Families and communities from Portugal to Colorado are mourning the loss of six collegiate golfers and a coach who were among the nine people killed in a two-vehicle crash on a rural Texas highway on Tuesday.
Six members of the University of the Southwest men’s and women’s golf team ranging in age from 18 to 22 were killed along with head coach Tyler James, the Texas Department of Public Safety said Wednesday.
The team was in a passenger van returning to their campus in Hobbs, New Mexico, from a tournament in Midland, Texas, when a Dodge 2500 pickup truck driving in the other direction swerved into their lane and collided with the van on a two-lane road in Andrews County at 8:17 p.m. local time, Texas Department of Public Safety Sgt. Steven Blanco said.
The fiery crash also claimed the lives of the pickup truck's driver, Henrich Siemens, 38, and a 13-year-old passenger, according to the Texas DPS.
Two surviving members of the golf team, Dayton Price, 19, and Hayden Underhill, 20, both of Ontario, Canada, were airlifted to University Medical Center in Lubbock, where they remain in critical condition.
“The USW campus community is shocked and saddened today as we mourn the loss of members of our university family,” the University of the Southwest said in a statement.
Officials at the National Transportation Safety Board said at a press conference Wednesday that they are sending investigators to determine the cause of the crash.
NBC News national correspondent Morgan Chesky spoke with family members and former coaches of some of the victims on TODAY Thursday as communities across four states and three countries mourn their loss.
Multiple dead in crash involving New Mexico University's golf teamMarch 16, 202201:33
Ben Kirkes, a golf pro at Rockwind Community Links in Hobbs who worked closely with the team, created a hometown memorial for those who died.
"Life shouldn’t be taken for granted, and you should really hold on to those you love," Kirkes told Chesky.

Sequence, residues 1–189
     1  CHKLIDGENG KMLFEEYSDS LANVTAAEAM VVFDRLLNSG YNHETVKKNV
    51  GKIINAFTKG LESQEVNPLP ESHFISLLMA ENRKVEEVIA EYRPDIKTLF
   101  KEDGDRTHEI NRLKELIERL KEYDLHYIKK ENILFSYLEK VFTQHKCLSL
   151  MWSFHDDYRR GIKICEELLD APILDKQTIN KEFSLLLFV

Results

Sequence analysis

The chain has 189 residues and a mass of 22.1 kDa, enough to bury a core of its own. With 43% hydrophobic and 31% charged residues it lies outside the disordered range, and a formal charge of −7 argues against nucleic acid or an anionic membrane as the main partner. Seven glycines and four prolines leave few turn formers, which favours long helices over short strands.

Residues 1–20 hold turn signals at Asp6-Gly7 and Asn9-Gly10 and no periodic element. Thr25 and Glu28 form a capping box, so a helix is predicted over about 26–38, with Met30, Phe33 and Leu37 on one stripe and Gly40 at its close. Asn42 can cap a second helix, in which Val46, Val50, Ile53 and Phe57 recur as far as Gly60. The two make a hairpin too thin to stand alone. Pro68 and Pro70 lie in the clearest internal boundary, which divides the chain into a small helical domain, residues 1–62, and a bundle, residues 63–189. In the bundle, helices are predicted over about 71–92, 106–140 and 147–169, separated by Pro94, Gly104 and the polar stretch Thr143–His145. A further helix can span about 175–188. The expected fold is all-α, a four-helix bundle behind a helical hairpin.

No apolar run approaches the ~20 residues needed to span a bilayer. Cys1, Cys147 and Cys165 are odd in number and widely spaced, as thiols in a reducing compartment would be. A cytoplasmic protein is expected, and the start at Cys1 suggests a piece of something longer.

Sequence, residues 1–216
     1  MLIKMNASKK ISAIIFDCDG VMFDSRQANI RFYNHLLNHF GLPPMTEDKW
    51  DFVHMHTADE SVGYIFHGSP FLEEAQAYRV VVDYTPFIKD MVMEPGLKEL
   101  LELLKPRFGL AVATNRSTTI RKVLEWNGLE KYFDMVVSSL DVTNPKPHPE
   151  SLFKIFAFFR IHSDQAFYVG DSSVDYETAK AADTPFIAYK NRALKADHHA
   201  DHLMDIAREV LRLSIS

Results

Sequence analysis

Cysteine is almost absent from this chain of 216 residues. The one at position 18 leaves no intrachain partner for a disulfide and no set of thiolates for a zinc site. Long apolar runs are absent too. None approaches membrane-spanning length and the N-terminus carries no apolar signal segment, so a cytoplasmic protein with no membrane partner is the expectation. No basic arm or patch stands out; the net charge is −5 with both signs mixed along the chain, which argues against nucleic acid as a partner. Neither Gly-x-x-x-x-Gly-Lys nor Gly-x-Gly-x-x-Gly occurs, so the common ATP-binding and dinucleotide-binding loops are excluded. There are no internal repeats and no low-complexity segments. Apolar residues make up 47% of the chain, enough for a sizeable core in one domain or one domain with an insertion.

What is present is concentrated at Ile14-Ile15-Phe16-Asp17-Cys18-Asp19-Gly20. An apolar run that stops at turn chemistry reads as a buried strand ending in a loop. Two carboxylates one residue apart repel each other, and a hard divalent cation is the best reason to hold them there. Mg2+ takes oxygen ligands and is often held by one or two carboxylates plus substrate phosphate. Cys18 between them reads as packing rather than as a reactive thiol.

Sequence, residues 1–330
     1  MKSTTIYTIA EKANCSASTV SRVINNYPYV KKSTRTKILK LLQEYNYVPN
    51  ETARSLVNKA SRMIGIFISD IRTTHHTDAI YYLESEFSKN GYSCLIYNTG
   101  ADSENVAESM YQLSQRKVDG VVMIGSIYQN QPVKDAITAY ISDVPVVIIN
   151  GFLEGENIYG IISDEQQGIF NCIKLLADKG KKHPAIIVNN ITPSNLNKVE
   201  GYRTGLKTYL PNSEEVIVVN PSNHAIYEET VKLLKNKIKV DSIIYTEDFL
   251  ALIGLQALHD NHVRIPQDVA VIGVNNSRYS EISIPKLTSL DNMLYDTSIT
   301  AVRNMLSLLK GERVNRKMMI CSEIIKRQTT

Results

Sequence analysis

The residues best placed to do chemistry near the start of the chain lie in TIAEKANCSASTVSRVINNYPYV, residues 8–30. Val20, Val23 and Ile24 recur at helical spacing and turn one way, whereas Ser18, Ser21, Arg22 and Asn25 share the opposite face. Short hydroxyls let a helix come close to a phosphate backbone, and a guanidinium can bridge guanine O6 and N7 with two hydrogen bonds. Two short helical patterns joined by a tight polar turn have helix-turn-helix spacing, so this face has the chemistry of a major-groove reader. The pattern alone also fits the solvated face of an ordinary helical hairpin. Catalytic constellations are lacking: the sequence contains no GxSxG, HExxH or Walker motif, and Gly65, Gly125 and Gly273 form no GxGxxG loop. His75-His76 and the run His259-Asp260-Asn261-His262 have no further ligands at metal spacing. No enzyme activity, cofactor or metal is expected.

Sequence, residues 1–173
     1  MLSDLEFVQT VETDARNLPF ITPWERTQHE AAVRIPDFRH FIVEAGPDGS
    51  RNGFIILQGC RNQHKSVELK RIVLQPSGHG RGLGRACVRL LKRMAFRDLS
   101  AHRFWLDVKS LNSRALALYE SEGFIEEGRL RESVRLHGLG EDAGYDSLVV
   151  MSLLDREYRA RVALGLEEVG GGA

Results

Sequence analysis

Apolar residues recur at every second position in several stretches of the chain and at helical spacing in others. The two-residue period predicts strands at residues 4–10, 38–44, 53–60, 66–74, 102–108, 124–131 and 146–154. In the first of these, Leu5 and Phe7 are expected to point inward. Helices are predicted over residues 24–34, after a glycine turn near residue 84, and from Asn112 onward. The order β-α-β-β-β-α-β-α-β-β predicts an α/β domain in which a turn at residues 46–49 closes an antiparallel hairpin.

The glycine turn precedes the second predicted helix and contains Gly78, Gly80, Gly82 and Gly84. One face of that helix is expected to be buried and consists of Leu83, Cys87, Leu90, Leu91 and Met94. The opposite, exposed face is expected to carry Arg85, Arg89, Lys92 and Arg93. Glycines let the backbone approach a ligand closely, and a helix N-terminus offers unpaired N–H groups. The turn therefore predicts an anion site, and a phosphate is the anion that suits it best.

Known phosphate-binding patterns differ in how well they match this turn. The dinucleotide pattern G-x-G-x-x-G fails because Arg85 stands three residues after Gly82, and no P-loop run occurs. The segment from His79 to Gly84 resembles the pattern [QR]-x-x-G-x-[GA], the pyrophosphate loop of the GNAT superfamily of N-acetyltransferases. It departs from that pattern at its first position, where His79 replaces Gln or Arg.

The team was also honored by Midland College head coach Walt Williams, who left their team scores on the board after the tournament's final round was cancelled following the crash.
Here's what to know about the victims:
Karisa Raines, 21, was a junior biology major and devout Christian from Fort Stockton, Texas, who was set to graduate early.
"She was my baby, and I don't know what I’m going to do without her," her mother, Sandy Raines, told Chesky on TODAY.
"Right now we just keep thinking that every once, well, we’re going to wake up from this terrible nightmare, but it’s not happening," her father, Gary Raines, said on TODAY.
Karisa had planned on pursuing a master's degree in forensic science at the University of the Southwest.
Jackson Zinn, 22, was a junior from Westminster, Colorado, majoring in hospital management, according to the school's athletic website.
A Facebook post written by a friend on behalf of Zinn's family said Zinn worked with special needs children as a volunteer with Westminster United Soccer.
"Devastated does not do justice," Heather Simms Schichtel wrote. "To know Jackson was to know his sweet nature, his piercing blue eyes, quick wit and dimples you swear could wink. He loved his family, loved golf and was true to his faith."